I hope I understand the claims concept in general now after reading related articles on ADFS, certificates used for claims token signing etc. But here is what strange for me:

Claims are so abstract that in general form are basically useless for anything other than authentication. There is no fixed data which claims must contain and I can rely on. Everything depends on the issuer's will to provide that information and is not under our control [source: "Markus says" in "What makes a good claim" section of claims overview article on MSDN].

Let's consider simple example, used in one of authorization samples I found: if claims contain information about user age > 65, he is allowed to visit retirements section of the site. But what if it doesn't contain such information? And it's very likely that at some point we'll start supporting additional claims issuer which will not provide such information. Same can be said about administrators group membership or any other claim.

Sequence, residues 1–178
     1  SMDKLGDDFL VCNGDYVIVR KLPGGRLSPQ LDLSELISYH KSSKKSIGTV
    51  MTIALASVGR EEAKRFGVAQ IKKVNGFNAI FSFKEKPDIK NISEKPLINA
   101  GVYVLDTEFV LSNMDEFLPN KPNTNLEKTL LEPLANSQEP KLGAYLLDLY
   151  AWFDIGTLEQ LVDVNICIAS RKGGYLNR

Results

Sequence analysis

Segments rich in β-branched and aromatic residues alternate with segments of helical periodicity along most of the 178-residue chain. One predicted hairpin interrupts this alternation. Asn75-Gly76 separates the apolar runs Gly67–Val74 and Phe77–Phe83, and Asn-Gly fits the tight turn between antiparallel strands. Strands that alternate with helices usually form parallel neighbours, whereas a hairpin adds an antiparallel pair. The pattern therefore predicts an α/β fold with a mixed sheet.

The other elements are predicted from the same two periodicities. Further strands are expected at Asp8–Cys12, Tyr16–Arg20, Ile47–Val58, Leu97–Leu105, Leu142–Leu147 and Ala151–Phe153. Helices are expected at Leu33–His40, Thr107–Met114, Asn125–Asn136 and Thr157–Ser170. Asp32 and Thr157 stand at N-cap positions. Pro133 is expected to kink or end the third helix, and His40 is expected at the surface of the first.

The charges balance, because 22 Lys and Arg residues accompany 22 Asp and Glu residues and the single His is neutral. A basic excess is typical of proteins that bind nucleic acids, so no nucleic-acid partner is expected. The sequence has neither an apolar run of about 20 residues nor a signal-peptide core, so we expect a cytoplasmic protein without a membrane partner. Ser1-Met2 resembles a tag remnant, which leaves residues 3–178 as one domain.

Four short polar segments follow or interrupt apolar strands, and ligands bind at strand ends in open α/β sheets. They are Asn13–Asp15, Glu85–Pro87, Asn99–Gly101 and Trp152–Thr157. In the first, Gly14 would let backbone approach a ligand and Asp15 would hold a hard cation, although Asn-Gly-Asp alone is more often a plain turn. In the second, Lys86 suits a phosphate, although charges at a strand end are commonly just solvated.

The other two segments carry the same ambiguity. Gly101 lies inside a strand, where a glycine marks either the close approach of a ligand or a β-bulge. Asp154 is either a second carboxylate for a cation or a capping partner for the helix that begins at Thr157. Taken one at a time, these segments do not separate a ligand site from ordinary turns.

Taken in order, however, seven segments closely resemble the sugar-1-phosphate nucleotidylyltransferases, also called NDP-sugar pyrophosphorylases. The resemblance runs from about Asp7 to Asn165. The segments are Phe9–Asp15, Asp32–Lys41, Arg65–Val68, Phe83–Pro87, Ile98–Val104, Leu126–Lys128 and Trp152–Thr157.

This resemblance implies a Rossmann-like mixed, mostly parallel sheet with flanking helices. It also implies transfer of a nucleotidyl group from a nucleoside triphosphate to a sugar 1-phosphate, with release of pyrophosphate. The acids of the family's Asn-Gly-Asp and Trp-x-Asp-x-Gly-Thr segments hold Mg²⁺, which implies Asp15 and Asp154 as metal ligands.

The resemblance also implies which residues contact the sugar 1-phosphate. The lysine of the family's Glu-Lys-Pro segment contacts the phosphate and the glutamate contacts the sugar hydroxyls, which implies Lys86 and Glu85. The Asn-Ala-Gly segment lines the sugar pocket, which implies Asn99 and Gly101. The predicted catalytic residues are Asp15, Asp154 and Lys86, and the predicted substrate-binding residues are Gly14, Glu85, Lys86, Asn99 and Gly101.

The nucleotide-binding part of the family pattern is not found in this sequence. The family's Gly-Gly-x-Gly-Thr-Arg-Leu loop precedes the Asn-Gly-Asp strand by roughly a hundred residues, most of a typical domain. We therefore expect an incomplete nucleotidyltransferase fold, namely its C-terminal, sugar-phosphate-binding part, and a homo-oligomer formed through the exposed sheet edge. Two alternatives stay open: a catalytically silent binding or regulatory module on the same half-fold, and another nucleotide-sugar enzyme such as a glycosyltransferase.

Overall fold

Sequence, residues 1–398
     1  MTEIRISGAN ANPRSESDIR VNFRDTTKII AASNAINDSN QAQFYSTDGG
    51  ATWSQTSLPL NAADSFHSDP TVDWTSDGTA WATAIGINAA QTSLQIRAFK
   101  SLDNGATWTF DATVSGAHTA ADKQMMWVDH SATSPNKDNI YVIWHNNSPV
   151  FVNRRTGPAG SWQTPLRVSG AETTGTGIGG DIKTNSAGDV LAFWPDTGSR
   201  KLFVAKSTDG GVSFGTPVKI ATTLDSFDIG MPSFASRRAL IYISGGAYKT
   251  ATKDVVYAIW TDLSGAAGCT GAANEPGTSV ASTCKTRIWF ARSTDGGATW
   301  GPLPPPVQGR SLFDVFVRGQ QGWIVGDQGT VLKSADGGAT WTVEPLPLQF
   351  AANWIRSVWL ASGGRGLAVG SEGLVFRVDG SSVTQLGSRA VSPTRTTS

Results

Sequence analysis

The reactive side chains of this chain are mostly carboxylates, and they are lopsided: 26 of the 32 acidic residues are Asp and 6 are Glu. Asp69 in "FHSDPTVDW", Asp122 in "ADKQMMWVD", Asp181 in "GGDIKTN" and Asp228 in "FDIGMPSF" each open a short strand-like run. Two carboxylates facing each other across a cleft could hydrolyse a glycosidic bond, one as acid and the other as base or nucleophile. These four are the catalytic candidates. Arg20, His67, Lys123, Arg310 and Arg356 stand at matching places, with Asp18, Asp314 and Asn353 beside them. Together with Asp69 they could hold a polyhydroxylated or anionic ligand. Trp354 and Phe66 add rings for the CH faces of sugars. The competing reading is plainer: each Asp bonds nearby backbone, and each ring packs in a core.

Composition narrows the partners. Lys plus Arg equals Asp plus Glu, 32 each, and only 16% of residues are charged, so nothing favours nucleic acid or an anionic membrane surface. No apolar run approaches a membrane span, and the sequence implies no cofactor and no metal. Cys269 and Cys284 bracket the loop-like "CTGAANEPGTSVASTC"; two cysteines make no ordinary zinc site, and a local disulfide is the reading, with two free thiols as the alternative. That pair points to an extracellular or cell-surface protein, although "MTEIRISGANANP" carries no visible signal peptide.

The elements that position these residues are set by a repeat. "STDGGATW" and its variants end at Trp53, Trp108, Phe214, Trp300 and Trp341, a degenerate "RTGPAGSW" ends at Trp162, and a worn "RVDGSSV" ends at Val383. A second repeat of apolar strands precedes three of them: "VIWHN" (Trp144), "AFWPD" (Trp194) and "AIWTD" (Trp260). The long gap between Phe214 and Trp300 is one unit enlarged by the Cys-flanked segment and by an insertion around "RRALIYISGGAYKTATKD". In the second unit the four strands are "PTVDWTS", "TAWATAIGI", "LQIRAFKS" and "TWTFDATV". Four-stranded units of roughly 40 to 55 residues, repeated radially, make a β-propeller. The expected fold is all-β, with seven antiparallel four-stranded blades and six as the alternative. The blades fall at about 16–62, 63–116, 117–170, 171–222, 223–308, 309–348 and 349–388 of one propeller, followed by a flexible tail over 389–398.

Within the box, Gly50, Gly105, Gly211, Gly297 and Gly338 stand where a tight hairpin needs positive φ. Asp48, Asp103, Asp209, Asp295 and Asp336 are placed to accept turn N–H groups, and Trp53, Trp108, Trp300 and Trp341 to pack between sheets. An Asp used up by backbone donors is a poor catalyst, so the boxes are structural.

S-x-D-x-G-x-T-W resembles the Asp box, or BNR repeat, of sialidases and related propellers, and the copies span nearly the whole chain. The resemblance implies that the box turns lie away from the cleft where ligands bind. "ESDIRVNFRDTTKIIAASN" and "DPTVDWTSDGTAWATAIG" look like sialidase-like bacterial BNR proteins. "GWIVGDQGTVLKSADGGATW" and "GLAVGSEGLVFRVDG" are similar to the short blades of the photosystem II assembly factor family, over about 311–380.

Also, I could imagine a situation when Facebook provide a claim 'groups' with the list of facebook groups membership (which can be easily edited and named "Administrators"), while Active Directory use same claim name to provide information about domain groups. So I feel there must be some point of consolidating that data, some bridge for filling the gaps and creating a claim application can use. Illustration from Claims Overview article indicate some process "Gather information" which might be what I'm thinking about, but doesn't cover it with explanation and it doesn't seem to be application-specific:

enter image description here

Am I missing something?

PS: Currently in my application I use UserName, Phone, Department, groups membership, and other information from Active Directory and I'm concerned whether I can rely on that after implementing ADFS authentication support. Probably not, but at the same time I have to get that information somehow.


After reading additional article about ADFS architectures I finally understood that all consolidation is in fact done on the issuer level and that the issuer "close to your application" is not that hardly-defined, and it actually should be responsible for providing claims in format application requires. It has application identifier and claims mapping functionality for that purpose (read article for more details).

Your Answer

By clicking “Post Your Answer”, you agree to our terms of service, privacy policy and cookie policy

Not the answer you're looking for? Browse other questions tagged or ask your own question.